#BRISTOLPROMS DAY 5 – Prombassadors: Tim Eustace

Tim Eustace

Tim Eustace

Tim Eustace
Tim is a primary school teacher and Bristol UWE drama graduate with wide and varied musical tastes.

Bristol Proms – Day 5

Sofas, balloons, YouTube videos, bizarre images, a live twitter feed on the big screen (oh look there’s my tweet), audience members on stage, a somewhat questionable inflatable object being carried down a high street, Tom Morris desperately trying to make some order in a hectic, exciting and later than planned show…it’s a ‘party in Valentina’s front room’. If you were not at the performance last night, you’d be forgiven for looking at the pictures from Valentina Lisitsa’s set and wondering, what on Earth was going on?


“It’s a party in Valentina’s front room”

Now typical of the evening performances at the Bristol Proms, Valentina breaks the stereotypes of performance for classical music. We’ve had Daniel Hope and his band entering through the audience as they play their instruments, the Erebus Ensemble utilising all levels of the theatre for their vocal performances, and now, not to be outdone – Valentina is having a party, and we’re all invited. She seems like she has two different personalities. On the one hand we have this electric party girl with a disregard for the rules of the standard classical music concert, and on the other we have a woman who is so animated during her performance that her face alone could be playing the music. Again, I am blown away by a pianist’s incredible ability to play extensive piece after piece of complex music without seemingly following any notes on paper. Pieces of exciting, rapidly changing tempo and complexity demonstrate her undoubtedly outstanding musical talents. She is a riot of fun.


The other performances today certainly deserve mention too. I’ve been sat in Jonathan James’ talk When East Meets West for about 30 seconds before he has the whole audience clicking their fingers and slapping their thighs in a rhythm that is apparently evident in a multitude of songs across continents and ages. Again, another thoroughly interesting talk, a musical education as well as an entertaining show.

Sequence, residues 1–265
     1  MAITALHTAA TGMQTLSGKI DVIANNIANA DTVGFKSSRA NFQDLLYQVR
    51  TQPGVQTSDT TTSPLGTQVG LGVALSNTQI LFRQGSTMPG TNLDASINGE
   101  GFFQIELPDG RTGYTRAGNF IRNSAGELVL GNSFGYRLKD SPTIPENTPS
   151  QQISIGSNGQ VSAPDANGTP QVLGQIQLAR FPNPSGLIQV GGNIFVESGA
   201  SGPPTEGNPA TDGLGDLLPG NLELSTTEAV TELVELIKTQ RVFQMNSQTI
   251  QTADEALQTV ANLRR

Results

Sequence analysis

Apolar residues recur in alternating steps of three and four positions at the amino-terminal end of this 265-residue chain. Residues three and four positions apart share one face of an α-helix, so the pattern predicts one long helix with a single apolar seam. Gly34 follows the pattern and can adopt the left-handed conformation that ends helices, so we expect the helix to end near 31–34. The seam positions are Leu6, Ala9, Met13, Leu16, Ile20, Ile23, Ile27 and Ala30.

The second show of the day brought a delightful combination of harpsichord and mandolin together, played by two talented musicians who only met today for the first time. You wouldn’t know it. A wonderful and charismatic pairing, both Avi Avital and Mahan Esfahani are intense and compelling to watch.  “There is a great difference between a performer and a composer, and now I am going to play a piece that I have composed.” Avi Avital’s declaration that he was going to play a piece of music that he had written himself was met with an interested and slightly surprised murmur of discussion in the audience. I wonder why more classical musicians aren’t playing their own music. Certainly in the modern musical era, any band worth their sort would not only be playing cover songs. Why so different in the classical section? It was an amazing performance, and credit to Avi, it sounded like a wonderfully accomplished piece. A delightful combination of individual pieces and beautiful duets, Avi and Mahan kept the audience entranced throughout. Returning for a well deserved encore and running quite over their allotted time, another show where the audience left feeling like we’d bagged an absolute winner.

Although all the performances at this year’s Bristol Proms have been exceptional, it has to be said that the late night shows have certainly proved to be the most thrilling, and certainly my favourites. After the intensity and unusual staging brought to us by Valentina, Dido and Aeneas has a lot to live up to. I can’t wait.

#BRISTOLPROMS DAY 5 – Prombassadors:
Guy Withers
Mark Edmundson
Alex Hamilton-Ayres


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